You play the game to win. But, when faced with challenges, how do we differentiate ourselves to achieve our goals and rise above the competition?
As part of the ongoing webinar series that JWMI offers through our student and alumni portal, JWMI Connect, Lou Melocchi, Financial Management II Professor, and Senior Vice President of Corporate Finance at F.N.B. Corporation, shares some key leadership lessons based on the movie Moneyball.
Moneyball focuses on Billy Beane, General Manager of Oakland Athletics Major League Baseball team. Beane, along with Assistant GM Peter Brand, challenged conventional baseball wisdom, using an analytical, evidence-based approach to find undervalued players to build an MLB powerhouse, despite significant budgetary constraints. The film is based on a true story and starts with a deflating loss to the New York Yankees in the 2001 American League Division Series. But the General Manager finds a game-winning move that upends traditional team-building practices.
Jack Welch taught us that “Leaders probe and push with a curiosity that borders on skepticism, making sure their questions are answered with action.” As a leader, your job isn’t to have all the answers. Your job is to ask the right questions and make sure you have the right people on board to answer them.
3 Leadership Lessons Illustrated from Moneyball
Define Key Metrics & Make Them Easy to Understand
Don’t just crunch the numbers to define the key performance indicators (KPIs) for your business. Ask yourself:
- What do these numbers tell us?
- What action should I take?
In the movie, players had always been assessed by scouts based on subjective criteria. But the General Manager Billy Beane (played by Brad Pitt) and his analytics wiz-kid, Peter Brand (played by Jonah Hill) were able to boil down player performance data into a Sabermetrics model that showed the number of wins, runs scored, and runs allowed required for them to make the playoffs. This approach to player personnel built a team that produced a 20-game win streak, breaking the record at the time.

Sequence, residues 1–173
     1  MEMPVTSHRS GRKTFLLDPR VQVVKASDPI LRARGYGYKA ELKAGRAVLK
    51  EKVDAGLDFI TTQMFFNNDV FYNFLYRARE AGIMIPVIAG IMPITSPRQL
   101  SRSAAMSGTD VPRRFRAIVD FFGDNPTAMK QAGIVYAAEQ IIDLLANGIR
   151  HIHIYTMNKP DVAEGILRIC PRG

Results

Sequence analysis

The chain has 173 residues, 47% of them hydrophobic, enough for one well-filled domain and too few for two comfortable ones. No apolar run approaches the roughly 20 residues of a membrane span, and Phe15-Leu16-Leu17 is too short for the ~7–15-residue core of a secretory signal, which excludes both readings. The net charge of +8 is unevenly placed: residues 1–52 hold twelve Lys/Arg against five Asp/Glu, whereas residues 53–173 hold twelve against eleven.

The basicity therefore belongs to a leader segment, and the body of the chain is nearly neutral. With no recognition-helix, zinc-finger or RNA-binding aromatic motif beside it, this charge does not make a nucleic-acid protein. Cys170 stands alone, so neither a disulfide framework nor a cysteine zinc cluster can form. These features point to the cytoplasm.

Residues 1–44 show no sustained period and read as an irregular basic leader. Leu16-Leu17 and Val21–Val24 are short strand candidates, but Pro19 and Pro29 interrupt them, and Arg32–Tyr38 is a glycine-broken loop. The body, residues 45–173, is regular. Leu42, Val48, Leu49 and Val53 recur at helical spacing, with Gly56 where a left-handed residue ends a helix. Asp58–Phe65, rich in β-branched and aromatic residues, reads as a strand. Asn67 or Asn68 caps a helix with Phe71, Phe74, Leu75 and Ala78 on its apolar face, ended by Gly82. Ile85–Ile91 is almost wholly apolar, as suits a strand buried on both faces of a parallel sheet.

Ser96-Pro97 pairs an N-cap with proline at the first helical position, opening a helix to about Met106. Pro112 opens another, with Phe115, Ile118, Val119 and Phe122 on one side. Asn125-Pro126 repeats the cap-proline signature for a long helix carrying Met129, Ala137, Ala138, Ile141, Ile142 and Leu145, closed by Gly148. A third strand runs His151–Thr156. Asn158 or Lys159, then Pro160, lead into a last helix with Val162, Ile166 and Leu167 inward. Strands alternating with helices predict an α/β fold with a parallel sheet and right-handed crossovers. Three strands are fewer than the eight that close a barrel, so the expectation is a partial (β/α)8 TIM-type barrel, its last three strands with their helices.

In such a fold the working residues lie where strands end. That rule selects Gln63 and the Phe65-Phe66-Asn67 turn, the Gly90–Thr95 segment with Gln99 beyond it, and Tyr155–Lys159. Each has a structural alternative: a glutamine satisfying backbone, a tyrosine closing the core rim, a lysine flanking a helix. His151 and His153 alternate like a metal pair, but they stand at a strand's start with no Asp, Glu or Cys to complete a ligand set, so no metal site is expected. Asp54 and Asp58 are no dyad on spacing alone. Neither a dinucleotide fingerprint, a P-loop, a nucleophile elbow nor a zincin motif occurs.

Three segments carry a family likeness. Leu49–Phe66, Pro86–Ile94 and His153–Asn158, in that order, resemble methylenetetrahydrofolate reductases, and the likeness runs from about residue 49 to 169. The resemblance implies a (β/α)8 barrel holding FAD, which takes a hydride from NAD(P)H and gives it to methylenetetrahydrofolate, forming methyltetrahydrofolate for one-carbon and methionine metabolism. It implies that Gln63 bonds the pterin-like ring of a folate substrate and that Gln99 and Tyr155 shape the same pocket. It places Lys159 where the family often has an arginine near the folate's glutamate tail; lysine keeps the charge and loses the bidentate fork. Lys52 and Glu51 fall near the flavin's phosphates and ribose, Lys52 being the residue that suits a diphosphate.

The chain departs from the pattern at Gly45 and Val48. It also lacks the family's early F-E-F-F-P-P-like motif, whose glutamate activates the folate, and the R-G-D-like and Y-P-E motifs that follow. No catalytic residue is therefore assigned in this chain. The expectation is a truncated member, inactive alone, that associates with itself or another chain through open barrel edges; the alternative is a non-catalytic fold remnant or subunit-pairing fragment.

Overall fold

To some, detailed metrics seem like a foreign language. Many people nod along in meetings when numbers start to roll by and fail to understand that data alone is not the end game. Data should be used to make decisions and provoke action. To get the buy-in for your strategy, you need to simplify your data and show how it moves the business forward. Know your audience, and don’t go into the weeds.
Lastly, find ways to visualize the data. Professor Melocchi shared an example of using images of red, green, and yellow stoplights to illustrate the status of each of their manufacturing plants.
Challenge Conventional Thinking & Misguided Perceptions
The players in Moneyball were assessed, like generations before, on subjective, ungrounded attributes such as having a “classic swing” or being one of “our guys.” In the movie, baseball players were overlooked by scouts for a variety of reasons, such as age, appearance, and personality. But Billy Beane offers up some healthy skepticism to these practices and debates the methods used to select players, focused on the on-base percentage (OBP) not subjective opinions of scouts.